Some cater to racquetball enthusiasts or aerobic dancers. Others are are geared to building rippling muscles through weight training. Some are social clubs where men and women make dates while working out in their leotards and gym shorts. Still others offer total luxury with Jacuzzis, massage and a personalized fitness profile.
Health clubs, like the people who join them, have distinct personalities. And if the proliferation of executives toting gym bags is any indication, these clubs are becoming increasingly popular throughout the area. In the view of George Allen, former Redskins coach and now chairman of the President's Council on Physical Fitness and Sports, "the more good, well-organized health clubs we have, the better."
In choosing a club that is appropriate for you, some experts suggest you begin, as in real estate, with location. Check on available parking, transportation, crowds and convenience. Unless you'll benefit from the club easily, and regularly, there's no sense joining.
Facilities are important, too. Verify that the club has the activities that interest you most. Variety is important. If exercise seems like play rather than work, you're more likely to keep at it.
Allen advises prospective members to ask for a free or trial workout, talk to people who already belong and keep a lookout for organization and cleanliness. He emphasizes the importance of knowledgeable and experienced instructors. "If you don't understand something," he notes, "you lose interest."
Following are reviews of a sampling of health clubs throughout the area. In addition to these facilities, there is a plethora of exercise studios, gyms, Y's and swim clubs throughout the area.
Bethesda Racquet and Health Club, 4400 Montgomery Ave., Bethesda, 656-9570.
An attractive, full-service fitness club with a better than average social atmosphere. A camaraderie exists among members, who come to work out and make social and business contacts in the process. Facilities include nine racquetball courts, a restaurant and bar, basketball, indoor track, indoor pool, coed volleyball, Nautilus equipment, baby-sitting service and fairly good locker rooms. The facility appears clean and the equipment in good working order.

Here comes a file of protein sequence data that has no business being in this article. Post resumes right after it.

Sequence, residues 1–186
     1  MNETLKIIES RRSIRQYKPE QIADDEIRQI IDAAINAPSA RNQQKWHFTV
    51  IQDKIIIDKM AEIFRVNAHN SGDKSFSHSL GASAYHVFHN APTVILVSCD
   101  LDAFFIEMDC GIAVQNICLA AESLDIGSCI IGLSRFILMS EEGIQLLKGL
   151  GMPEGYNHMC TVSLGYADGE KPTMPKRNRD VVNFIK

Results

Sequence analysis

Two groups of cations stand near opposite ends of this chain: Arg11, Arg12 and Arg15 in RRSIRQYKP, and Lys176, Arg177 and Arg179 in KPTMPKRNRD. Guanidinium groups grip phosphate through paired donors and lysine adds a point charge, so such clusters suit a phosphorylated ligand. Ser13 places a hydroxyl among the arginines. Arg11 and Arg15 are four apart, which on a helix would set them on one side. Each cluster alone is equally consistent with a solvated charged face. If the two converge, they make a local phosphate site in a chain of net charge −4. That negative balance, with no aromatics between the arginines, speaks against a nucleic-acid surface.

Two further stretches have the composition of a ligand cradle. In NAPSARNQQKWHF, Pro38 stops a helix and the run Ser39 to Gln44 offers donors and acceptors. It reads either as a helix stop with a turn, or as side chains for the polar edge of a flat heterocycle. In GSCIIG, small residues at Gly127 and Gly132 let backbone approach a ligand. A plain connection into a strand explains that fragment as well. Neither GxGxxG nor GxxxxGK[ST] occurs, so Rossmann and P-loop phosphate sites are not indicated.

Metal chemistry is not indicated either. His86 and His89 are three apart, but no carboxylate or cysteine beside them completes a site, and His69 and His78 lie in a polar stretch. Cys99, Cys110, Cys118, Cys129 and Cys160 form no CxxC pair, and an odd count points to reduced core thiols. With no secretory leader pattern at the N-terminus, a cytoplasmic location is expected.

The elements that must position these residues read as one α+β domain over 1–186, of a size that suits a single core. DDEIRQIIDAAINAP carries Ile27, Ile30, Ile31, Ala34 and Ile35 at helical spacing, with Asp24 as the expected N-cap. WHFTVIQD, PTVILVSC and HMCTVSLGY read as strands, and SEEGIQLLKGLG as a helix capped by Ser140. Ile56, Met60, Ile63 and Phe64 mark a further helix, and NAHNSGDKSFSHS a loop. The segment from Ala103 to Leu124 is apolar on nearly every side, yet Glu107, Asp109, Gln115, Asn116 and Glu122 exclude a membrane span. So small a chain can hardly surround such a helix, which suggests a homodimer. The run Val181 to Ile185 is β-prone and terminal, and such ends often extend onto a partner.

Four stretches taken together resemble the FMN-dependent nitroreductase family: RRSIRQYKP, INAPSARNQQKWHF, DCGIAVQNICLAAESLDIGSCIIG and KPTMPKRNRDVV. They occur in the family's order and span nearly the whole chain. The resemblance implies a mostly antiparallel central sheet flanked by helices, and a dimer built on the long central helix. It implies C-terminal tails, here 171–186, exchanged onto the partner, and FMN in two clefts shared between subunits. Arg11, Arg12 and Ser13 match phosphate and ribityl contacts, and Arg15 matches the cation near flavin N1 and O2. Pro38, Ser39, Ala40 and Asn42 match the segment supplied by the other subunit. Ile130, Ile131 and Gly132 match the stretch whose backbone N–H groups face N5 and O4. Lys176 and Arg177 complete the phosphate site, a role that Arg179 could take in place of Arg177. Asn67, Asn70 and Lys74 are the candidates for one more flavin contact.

The club is in the process of expanding, adding eight tennis courts (four indoors), two squash courts and a new aerobics room.
Cost: Initiation -- $250-$475; annual fee -- $95; monthly fee -- $40-$68. No court fees. Once tennis is added, a "super" membership, limited to 300 to 400 members, will be more expensive. Current preopening prices for tennis membership are: Initiation -- $1,500; annual fee -- $95; monthly fee -- $80; court time -- $10-$16 an hour.
There are approximately 2,000 members, who also have free use of Courts Royal facilities, although Courts Royal members cannot use Bethesda Racquet & Health.
Capitol Hill Squash & Nautilus Club, 214 D St. SE, 547-2255.
The club is housed in an attractive red brick building that was originally an undertaker's livery stable in 1886. The building evolved into an auto repair facility, then a warehouse. Four years ago, the club put $1 million into renovation, resulting in three well-designed floors of compact exercise and court space. There is free parking next door.
The club has nine regulation squash courts (six can be used for tournament viewing). The weight room usually has instructors on hand to advise members of proper form. Equipment includes Nautilus, rowing machines, a cross-country ski machine, Lifecycles and other stationary bicycles. A mirrored exercise room houses a busy schedule of weekday classes, and a few classes on weekends. Locker rooms are modest but clean. Comfortable lounge area to watch, or wait for, games. Squash lessons and clinics available.
Free trial workout for squash, Nautilus or exercise class. Members can use three associated clubs in New York free of charge.
Cost: Initiation -- $250-$500; monthly fee -- $33-$47.
Chevy Chase Athletic Club, 5454 Wisconsin Ave. (Barlow Building), Chevy Chase, 656-8834.